National Breastfeeding Month ended yesterday. So did Black Breastfeeding Week. World Breastfeeding Week was apparently at the beginning of August. Over the course of the month, I read and heard a lot of stuff that made me angry and sad and confused: medical professionals promoting breastfeeding with a disturbing prescriptive zeal, mothers pointing to their bleeding nipples as evidence of a glorious martyrdom, other mothers and doctors claiming that breastfeeding is already mainstream, that it needs no further promotion or celebration, that to do so is to shame parents who feed their infants formula, white mothers claiming that Black Breastfeeding Week was unnecessary. In the middle of all of this I sort of started to wean my daughter, who turned two smack in the middle of World Breastfeeding Month, and I cried a lot, and I sort of stopped weaning, and felt weird about that, too. I wanted to write something about these thoughts and feelings. A manifesto, or a well-researched, well-reasoned essay about how we’re living at a historical moment when parents are shamed for formula feeding and for breastfeeding; the precise level of shame may vary by region or race or ethnicity or socioeconomic background, but in my experience you can feel deeply ashamed of both of these choices in the same city, the same neighborhood, the same pediatrics practice. (Oh wait, did I say that this is a historical moment when an issue primarily affecting women results in the shaming of women’s bodies and the removal of their agency? Ha ha ha ha. Sorry, I meant to say, Infant feeding is primarily a women’s issue, so of course it’s a fucking nightmare.) I always stopped, too daunted to grapple with the tangle of social, cultural, emotional, biological, economic, and public-health issues surrounding infant feeding. Now Breastfeeding Month is over and I’m swamped with work and I definitely don’t have time to work out a nuanced response to “The Skeptical OB”’s kind of horrifying dismissal of breastfeeding advocacy, or the weird structure of the Wikipedia page about breastfeeding (they start telling you The Way You Should Do It in the second sentence). I just have time for a provocation, followed by a rant. Here it is:
DID YOU NOTICE that breastfeeding was only allowed to return to the mainstream when it could be fully integrated into capitalism? Continue reading
This is an ad for a kitschy brand of wine cynically marketed at feminist housewives, so it’s basically the best possible illustration for this quiz.
Dedicated readers of WEIRD SISTER know that you can be a feminist housewife. Morgan Parker wrote the manifesto; Becca Klaver and Lauren Besser provide case studies in their podcast, The Real Housewives of Bohemia; I’m kind of a part-time feminist housewife myself. Or a part-time feminist SAHM, which is a stay-at-home mom or a student-artist-home-working-mom. So, like, don’t worry about whether women who don’t work outside the home or who do unpaid caretaking labor or who don’t directly contribute income to their families can be feminists. ISSUE RESOLVED.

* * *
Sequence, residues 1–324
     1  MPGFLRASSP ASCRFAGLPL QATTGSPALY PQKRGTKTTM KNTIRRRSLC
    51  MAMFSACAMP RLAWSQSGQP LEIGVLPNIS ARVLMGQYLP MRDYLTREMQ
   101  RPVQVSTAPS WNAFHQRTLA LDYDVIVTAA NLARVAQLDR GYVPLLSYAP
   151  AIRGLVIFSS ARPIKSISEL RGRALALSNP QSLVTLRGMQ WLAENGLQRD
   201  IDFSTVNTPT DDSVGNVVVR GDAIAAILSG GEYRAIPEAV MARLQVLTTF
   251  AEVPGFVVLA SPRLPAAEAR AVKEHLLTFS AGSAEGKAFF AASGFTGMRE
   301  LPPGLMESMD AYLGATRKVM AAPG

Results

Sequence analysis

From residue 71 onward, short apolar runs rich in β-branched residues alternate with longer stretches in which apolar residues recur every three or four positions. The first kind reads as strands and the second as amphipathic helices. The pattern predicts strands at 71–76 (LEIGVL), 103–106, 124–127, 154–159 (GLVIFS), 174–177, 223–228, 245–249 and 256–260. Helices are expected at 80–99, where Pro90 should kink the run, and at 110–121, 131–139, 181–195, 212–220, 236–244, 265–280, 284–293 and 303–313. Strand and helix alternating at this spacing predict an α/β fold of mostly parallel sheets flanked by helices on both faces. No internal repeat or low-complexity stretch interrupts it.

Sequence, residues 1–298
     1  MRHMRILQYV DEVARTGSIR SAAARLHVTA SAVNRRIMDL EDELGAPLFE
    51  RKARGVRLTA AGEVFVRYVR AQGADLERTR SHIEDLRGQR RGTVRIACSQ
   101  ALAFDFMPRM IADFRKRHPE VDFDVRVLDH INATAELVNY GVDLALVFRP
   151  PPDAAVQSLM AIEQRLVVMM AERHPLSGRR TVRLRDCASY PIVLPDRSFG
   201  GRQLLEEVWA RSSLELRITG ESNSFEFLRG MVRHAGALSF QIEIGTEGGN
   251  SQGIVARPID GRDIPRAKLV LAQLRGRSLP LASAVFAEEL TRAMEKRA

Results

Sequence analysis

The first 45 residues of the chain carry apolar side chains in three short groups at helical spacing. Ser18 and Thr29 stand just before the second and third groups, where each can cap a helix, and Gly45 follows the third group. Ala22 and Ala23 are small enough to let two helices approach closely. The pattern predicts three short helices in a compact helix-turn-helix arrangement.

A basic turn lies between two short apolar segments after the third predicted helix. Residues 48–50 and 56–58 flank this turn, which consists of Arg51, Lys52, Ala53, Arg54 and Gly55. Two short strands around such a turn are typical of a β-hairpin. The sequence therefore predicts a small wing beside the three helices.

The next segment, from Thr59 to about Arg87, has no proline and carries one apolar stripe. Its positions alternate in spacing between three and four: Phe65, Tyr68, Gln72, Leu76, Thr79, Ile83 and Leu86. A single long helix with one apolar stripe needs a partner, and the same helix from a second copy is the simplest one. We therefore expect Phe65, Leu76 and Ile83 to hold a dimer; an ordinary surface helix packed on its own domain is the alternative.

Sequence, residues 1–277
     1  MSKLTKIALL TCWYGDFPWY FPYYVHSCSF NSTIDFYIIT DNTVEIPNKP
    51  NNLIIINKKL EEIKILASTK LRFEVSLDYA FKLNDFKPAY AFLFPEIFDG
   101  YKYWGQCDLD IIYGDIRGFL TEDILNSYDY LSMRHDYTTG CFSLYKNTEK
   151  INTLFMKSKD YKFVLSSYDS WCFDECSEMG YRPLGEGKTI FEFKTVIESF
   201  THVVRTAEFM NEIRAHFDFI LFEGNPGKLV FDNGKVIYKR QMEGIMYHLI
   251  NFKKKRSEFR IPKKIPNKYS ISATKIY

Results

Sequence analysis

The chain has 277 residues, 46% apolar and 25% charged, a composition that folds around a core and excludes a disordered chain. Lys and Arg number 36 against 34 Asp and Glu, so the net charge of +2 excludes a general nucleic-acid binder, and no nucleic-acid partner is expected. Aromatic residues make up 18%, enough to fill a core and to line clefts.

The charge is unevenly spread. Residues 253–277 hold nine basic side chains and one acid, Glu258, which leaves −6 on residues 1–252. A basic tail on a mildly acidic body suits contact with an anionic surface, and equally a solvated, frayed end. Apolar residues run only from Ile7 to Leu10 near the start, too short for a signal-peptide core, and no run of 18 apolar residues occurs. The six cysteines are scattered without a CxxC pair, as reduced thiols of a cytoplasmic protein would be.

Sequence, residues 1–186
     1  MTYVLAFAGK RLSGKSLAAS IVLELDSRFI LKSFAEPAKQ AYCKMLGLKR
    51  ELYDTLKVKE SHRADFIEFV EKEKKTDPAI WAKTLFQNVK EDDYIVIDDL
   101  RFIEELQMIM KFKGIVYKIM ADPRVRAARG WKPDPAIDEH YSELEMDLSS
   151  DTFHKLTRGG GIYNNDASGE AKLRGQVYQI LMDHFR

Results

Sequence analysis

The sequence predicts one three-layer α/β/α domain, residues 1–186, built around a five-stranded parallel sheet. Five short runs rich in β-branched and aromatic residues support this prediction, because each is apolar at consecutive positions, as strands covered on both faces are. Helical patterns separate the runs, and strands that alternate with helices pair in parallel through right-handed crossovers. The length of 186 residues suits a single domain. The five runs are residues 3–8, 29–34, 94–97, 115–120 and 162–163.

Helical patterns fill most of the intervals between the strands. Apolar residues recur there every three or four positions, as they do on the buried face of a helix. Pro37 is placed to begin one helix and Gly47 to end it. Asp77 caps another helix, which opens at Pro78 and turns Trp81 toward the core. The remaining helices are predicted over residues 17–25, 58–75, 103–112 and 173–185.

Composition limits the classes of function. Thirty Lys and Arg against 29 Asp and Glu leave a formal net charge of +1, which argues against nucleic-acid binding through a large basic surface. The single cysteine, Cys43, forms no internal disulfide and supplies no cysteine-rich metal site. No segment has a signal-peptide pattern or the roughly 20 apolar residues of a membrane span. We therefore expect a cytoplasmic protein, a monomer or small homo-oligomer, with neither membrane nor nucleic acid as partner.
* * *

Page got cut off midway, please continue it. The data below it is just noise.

But there’s been some debate lately about this kind of ridiculous book, Primates of Park Avenue, in which anthropologist-turned-Park-Avenue mom Wednesday Martin describes the bizarre culture of super-rich New York families. See Martin’s op-ed in the New York Times, or this hilarious contribution in the Post from a somewhat aspirational Wife Bonus-getter who wants us to “STFU,” or this interview on NPR, which I haven’t listened to, but in which I’m pretty sure Martin uses the phrase “going native,” which, uhh, nope. Also see various accounts of the inaccuracies in Martin’s book: her PhD is actually in comp lit (ooooh does this mean I get to write a book called Primates of Ditmas Park?), she misrepresents when she was pregnant and what fancy gym she went to, and she pretends you could get macarons on the UES during a time when you could CLEARLY ONLY GET THEM IN FRANCE. Hopeless lower-class poseur or not, Martin gives us a shocking glimpse of a forbidden world in which highly-educated skinny moms spend their days Mean-Girlsing each other, grooming their toddlers to be captains of industry, and having weird gender-segregated dinner parties and going on vacations where they all wear the same color (well, come on, that sounds pretty fun. It’s not like I’m not going on an all-you-can-drink-rosé booze cruise this month where we all have to wear something pink. No, I seriously am.) The big shocker, though, is that some of these rich moms, many of whom have MBAs and formerly held high-income, high-pressure jobs like Business Lady and Captainess of Industry and Executrix and Lawyeress and Bankerina and Stock Market Girl Wonder and Political Risks Insurance Brokeress and a bunch of jobs I don’t know about because I don’t understand and will never be allowed to understand the language of Wealth and Power, apparently get Wife Bonuses, probably so they can feel like they still have a high-stakes Rich Person job. The bonuses are distributed by their husbands, who are their bosses, and they’re often based on their Wife Performance that year, which usually involves getting the kids into a school that will help them become Captains of Industry or the wives of Captains of Industry or maybe Bankerinas. The Wife Performance may also involve blow jobs BUT that might just be Martin trying to titillate us, since we know the wives and husbands never see each other for the length of time that a really bonus-worthy blow job requires.